About HIV and AIDS
Human immunodeficiency virus (HIV) is a virus that damages the immune system and stops it from working the way it should.
If a person with HIV isn’t treated, the person will get life-threatening infections and diseases that don’t usually happen in healthy people. When this happens, the disease is called acquired immunodeficiency syndrome (AIDS).
HIV and AIDS are rare in Australian children.
HIV spreads through the exchange of human fluids like blood, semen or breastmilk. This kind of exchange can happen during pregnancy, birth, breastfeeding, unprotected sex and needle-sharing.
You can’t get HIV from the environment, through skin-to-skin contact or by kissing. There’s no danger of your child getting HIV by coming into normal contact with another child or adult who has HIV, unless there’s an exchange of body fluids.
Children with HIV usually get the virus from their infected mothers, during pregnancy or birth.
In the past there was a risk of getting HIV through transfusion of contaminated blood, but all Australian blood products are now carefully tested.
Some parents might be concerned about the risks of children with HIV attending child care or preschool. The risk of getting the virus from a child with HIV – for example, through biting – is extremely low. Saliva is highly unlikely to be a source of HIV infection.
The earliest symptoms of HIV are so similar to other viral illnesses that they’re easy to miss. Infected children might show signs of a weakened immune system like:
- failure to gain weight, or weight loss
- persistent rash
- swollen lymph glands
- chronic diarrhoea
- chronic thrush
- prolonged fever.
If a child’s HIV develops into AIDS, she might get life-threatening infections and diseases like pneumonia, repeated serious bacterial infections and even some cancers.
Tests for HIV
HIV is diagnosed with a blood test. The blood test won’t always pick up HIV if a person has the test too soon after being exposed to HIV. This means the test might need to be repeated later.
Children and teenagers with HIV need to take antiretroviral drugs. Antiretroviral drugs are very effective in treating HIV and stopping the disease from developing into AIDS.
Children with HIV need to:
- take their medication every day
- keep their immunisations up to date
- see their doctor regularly.
At the moment, there’s no cure or vaccine for HIV. But with treatment, children and teenagers diagnosed with HIV in Australia today are likely to lead long and healthy lives.
Living with HIV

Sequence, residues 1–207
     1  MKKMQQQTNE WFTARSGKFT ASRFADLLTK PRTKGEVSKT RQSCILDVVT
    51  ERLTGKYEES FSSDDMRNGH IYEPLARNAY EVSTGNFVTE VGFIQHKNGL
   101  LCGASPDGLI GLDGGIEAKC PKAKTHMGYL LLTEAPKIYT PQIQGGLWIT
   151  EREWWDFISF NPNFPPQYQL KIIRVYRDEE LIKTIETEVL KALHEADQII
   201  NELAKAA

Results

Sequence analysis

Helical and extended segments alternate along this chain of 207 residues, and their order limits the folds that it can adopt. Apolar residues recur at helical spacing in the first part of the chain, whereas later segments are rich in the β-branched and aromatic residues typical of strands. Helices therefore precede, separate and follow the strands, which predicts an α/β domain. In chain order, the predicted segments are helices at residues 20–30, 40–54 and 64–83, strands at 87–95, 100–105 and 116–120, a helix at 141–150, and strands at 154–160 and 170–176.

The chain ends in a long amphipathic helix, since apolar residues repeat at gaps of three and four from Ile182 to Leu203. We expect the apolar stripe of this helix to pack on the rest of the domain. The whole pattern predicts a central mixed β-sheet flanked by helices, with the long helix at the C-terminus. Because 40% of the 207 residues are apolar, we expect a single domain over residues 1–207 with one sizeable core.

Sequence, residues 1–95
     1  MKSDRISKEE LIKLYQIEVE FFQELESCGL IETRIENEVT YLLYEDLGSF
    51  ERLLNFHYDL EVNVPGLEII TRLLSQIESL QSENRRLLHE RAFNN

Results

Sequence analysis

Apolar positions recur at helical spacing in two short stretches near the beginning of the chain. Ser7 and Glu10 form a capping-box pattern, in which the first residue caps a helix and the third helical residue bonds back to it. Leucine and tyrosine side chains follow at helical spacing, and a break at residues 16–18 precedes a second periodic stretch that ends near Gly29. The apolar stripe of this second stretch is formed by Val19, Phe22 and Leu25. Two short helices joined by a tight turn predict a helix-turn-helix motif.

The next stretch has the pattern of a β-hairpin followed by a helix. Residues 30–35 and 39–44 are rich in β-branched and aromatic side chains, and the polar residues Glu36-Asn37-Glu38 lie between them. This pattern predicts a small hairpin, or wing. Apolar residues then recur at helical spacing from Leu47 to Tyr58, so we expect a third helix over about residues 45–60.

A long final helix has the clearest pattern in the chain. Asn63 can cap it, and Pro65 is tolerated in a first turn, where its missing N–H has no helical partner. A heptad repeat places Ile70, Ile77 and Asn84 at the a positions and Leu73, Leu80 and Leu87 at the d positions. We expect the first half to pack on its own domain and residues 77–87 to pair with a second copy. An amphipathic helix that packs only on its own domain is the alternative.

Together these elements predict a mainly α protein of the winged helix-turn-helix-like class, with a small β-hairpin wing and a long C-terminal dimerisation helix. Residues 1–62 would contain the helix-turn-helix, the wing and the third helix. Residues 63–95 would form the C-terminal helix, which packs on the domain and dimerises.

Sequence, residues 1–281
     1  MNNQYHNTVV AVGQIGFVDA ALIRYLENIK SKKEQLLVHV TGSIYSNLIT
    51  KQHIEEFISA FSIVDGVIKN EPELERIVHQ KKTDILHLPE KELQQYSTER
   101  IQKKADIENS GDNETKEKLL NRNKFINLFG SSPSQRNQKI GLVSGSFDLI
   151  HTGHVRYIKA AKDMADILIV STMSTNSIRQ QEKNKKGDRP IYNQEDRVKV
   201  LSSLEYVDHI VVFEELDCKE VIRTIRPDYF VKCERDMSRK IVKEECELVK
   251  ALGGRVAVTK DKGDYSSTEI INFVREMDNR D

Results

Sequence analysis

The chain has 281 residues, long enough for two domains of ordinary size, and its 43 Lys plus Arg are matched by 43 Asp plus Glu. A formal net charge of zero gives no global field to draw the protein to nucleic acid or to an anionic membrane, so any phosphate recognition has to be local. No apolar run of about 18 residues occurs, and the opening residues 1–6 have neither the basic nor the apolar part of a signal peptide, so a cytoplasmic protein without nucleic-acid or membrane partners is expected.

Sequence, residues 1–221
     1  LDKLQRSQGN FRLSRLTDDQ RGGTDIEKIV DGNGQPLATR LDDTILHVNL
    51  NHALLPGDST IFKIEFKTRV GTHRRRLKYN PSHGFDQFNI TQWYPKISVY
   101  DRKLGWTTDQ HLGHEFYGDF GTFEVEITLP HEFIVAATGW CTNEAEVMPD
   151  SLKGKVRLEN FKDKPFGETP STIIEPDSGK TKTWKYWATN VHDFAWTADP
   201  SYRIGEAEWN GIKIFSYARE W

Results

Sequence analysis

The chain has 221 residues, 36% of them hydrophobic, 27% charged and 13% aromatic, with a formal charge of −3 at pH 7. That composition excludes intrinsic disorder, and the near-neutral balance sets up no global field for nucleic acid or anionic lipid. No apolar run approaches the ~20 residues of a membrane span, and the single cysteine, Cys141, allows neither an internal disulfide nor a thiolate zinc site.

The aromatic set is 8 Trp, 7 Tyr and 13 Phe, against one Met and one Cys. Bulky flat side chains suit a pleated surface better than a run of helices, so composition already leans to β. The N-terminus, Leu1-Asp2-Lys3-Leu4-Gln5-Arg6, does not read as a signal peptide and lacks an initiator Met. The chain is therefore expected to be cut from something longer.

HIV is now a chronic disease like diabetes or asthma, rather than a rapidly fatal condition. But like all children, children living with HIV sometimes get sick.
Whenever a child with HIV is unwell, you should contact your doctor as soon as possible. It’s best for illnesses to be treated as early as possible.
Each state has organisations that provide information and support to people living with HIV and AIDS.
HIV and pregnancy
Women or couples with HIV planning for pregnancy should discuss their diagnosis with their doctor and develop a plan to reduce the risk of HIV being passed from mother to child.
If a woman with HIV takes antiretroviral medications during pregnancy and birth, and her baby takes antiretroviral medications for a short period, it dramatically reduces the risk of the baby getting HIV.
Breastfeeding isn’t recommended for mothers who have HIV.
HIV and teenagers
Teenagers can reduce their risk of getting HIV by using condoms during vaginal or anal sex. They should also avoid sharing items like drug syringes and needles used for body-piercings and tattoos.
If your teenage child is sexually active, you can help reduce your child’s risk by making sure your child has:
- accurate information about safe sexual practices
- access to condoms
- access to reliable advice about sexuality and sexual health from a GP or other health professional, if he doesn’t feel comfortable talking to you.
If your child wants to get a tattoo or body-piercing, you can help her find a safe and professional tattooist or piercer.
And if you’re concerned that your child is using intravenous drugs, you could start by talking to your GP, your child’s school counsellor or other school staff for resources and support options.